Venezuela de­lays re­mov­ing cur­rency bills amid protests

Mas­sive protests force Maduro to ex­tend use of 100 bo­li­var bills

Kuwait Times - - FRONT PAGE -

With protests rock­ing his un­pop­u­lar gov­ern­ment, em­bat­tled Pres­i­dent Ni­co­las Maduro de­layed un­til Jan­uary 2 tak­ing Venezuela’s high­est de­nom­i­na­tion bill out of cir­cu­la­tion. The 100 bo­li­var bills would tem­po­rar­ily re­main le­gal ten­der, Maduro said Satur­day, but the bor­ders with Colom­bia and Brazil will re­main closed to hit what he claims are “mafias” hoard­ing Venezue­lan cash abroad in a US-backed plot to desta­bi­lize the coun­try.

“You can calmly con­tinue to use the 100 bill for your pur­chases and your ac­tiv­i­ties,” Maduro said at a meet­ing with of­fi­cials broad­cast on state tele­vi­sion.

The bill is worth about 15 US cents at the high­est of­fi­cial rate, and un­til re­cently ac­counted for 77 per­cent of the cash in cir­cu­la­tion in Venezuela. Venezuela has the world’s high­est in­fla­tion rate, set to hit 475 per­cent this year ac­cord­ing to the IMF. The gov­ern­ment is try­ing to in­tro­duce new bills in de­nom­i­na­tions up to 200 times higher than the old ones, but the plan de­railed when Maduro banned the 100 bo­li­var note be­fore the new bills ar­rived.

Four air­planes with the new cur­rency set to ar­rive from abroad were de­layed by in­ter­na­tional sab­o­tage, Maduro said. He did not say where the money was com­ing from, or what type of sab­o­tage.

A very stress­ful Christ­mas

Venezue­lans stood in long lines at banks all week to meet a Fri­day dead­line to ex­change their cur­rency. When the dead­line ex­ten­sion was an­nounced peo­ple queued up again on Satur­day. “I don’t agree with this, I’ve had to come all the way here with my mis­er­able amount of cash to the BCV [Venezue­lan Cen­tral Bank] in or­der to get money to eat. This is mad­ness, I’m tired of it,” said Bis­mary Rivero, a 39 year-old home­maker, told AFP.

Rivero said that she trav­eled 450 kilo­me­ters (280 miles) from her vil­lage in the east­ern state of Mon­a­gas to ex­change her money. In a coun­try with one of the high­est rates of vi­o­lent crime in the world, shop­pers must carry un­wieldy wads of bills to pay for their pur­chases.

Re­tirees had com­plained for months that their pen­sions were paid in un­man­age­able 50and 20-bo­li­var de­nom­i­na­tions. Ri­ot­ing and an­gry protests erupted in sev­eral Venezue­lan cities as the chaotic re­form left peo­ple with­out cash to buy food or Christ­mas presents. Op­po­si­tion politi­cians said Satur­day that four peo­ple were killed in ri­ot­ing in the cap­i­tal of the south­ern state of Bo­li­var, though of­fi­cials have not con­firmed those fig­ures. Un­rest how­ever was such that the Ci­u­dad Bo­li­var mayor or­dered a curfew ban­ning “mo­tor­cy­cles, pedes­tri­ans and pri­vate ve­hi­cles” un­til late Mon­day.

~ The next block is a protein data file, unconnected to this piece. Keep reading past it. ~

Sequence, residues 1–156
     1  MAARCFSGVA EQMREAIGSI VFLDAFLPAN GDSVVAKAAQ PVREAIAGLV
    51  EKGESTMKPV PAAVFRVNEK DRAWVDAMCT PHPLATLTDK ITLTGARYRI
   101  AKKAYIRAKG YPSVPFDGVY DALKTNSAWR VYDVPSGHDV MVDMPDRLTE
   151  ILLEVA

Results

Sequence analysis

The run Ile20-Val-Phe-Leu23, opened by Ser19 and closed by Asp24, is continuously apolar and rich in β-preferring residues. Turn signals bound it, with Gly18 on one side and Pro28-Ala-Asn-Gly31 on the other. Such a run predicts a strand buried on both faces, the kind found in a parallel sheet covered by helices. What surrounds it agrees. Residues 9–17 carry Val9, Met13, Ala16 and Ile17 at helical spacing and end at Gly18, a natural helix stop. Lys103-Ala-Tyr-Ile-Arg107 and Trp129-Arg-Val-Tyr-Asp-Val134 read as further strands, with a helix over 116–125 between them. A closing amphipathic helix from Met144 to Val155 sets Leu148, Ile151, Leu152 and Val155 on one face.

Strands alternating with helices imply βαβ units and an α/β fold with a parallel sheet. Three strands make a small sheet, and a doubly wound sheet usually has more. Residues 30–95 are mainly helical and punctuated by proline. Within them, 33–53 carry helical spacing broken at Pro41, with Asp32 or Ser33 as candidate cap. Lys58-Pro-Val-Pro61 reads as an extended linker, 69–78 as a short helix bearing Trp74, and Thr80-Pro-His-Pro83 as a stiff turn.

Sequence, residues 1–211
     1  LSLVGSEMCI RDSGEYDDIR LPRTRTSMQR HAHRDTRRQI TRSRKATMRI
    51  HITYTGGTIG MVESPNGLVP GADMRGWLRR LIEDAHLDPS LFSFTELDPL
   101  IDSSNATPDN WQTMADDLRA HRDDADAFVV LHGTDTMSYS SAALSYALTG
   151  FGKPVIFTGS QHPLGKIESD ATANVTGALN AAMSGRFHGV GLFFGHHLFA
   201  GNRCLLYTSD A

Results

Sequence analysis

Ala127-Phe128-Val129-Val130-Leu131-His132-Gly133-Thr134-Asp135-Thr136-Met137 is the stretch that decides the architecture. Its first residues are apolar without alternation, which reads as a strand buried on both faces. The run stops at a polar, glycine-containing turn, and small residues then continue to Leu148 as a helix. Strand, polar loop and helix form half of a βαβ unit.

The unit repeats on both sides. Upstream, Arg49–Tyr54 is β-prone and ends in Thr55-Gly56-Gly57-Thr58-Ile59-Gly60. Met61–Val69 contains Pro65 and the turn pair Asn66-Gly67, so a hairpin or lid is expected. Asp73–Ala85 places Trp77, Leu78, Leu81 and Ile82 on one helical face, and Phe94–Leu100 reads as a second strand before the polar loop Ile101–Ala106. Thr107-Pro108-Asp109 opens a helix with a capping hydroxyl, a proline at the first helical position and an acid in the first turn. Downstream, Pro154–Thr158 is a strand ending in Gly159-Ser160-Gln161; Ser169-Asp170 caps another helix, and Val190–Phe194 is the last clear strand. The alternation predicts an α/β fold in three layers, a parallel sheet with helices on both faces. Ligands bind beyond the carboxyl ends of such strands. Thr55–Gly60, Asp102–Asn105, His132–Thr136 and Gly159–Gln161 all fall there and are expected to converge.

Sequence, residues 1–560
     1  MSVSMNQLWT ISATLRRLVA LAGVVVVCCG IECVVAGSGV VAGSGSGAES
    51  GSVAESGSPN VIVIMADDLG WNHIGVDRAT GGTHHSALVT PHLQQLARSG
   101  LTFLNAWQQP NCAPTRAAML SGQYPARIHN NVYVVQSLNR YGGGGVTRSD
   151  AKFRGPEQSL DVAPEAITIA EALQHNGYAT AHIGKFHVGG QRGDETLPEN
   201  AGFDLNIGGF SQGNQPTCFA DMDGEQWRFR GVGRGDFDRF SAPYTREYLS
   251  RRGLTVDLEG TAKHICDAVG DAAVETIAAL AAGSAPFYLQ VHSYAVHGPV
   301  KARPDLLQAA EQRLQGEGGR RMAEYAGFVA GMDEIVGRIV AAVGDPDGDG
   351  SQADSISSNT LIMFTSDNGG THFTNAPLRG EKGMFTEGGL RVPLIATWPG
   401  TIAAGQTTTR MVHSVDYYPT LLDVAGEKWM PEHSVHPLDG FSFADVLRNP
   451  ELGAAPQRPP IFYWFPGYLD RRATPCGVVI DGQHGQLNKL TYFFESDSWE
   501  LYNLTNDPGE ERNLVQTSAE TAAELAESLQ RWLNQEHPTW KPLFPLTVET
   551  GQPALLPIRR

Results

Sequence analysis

The pro-Maduro state gov­er­nor, Fran­cisco Ran­gel Gomez, said on Twit­ter that 135 peo­ple were ar­rested for loot­ing, and that sol­diers were de­ployed “to re-es­tab­lish or­der.”

In Guas­dal­ito, in the cen­tral-west­ern state of Apure, three state bank of­fices were torched, an in­ci­dent Maduro late Fri­day blamed on un­named op­po­si­tion politi­cians.

Venezuela econ­omy un­rav­el­ing

Maduro has presided over an un­rav­el­ing of Venezuela’s oil-rich econ­omy as crude prices have plunged. He and pre­de­ces­sor Hugo Chavez have made the econ­omy in­creas­ingly state-led. Now the im­port­de­pen­dent coun­try is des­per­ately short of food, medicine and ba­sic house­hold goods. A re­ces­sion driven by plung­ing prices for Venezuela’s cru­cial crude oil ex­ports has led to short­ages of food and medicine.

Cit­i­zens face long queues to buy ba­sic sup­plies and in­fla­tion has soared. Deadly ri­ots and loot­ing have bro­ken out over re­cent months. An­a­lysts have warned there is a risk of un­rest in Venezuela, which Hu­man Rights Watch says is in the grips of a “hu­man­i­tar­ian cri­sis.” Anti-gov­ern­ment protests in 2014 led to clashes that left 43 peo­ple dead.


CARA­CAS: Bo­li­var­ian mili­tia mem­bers take part in a rally to com­mem­o­rate the an­niver­sary of the death of Lib­er­a­tor Si­mon Bo­li­var, in Cara­cas on Satur­day.

— AP

CARA­CAS: A man wears a red beret with the im­age of late Venezuela’s Pres­i­dent Hugo Chavez dur­ing a rally in Cara­cas on Satur­day.

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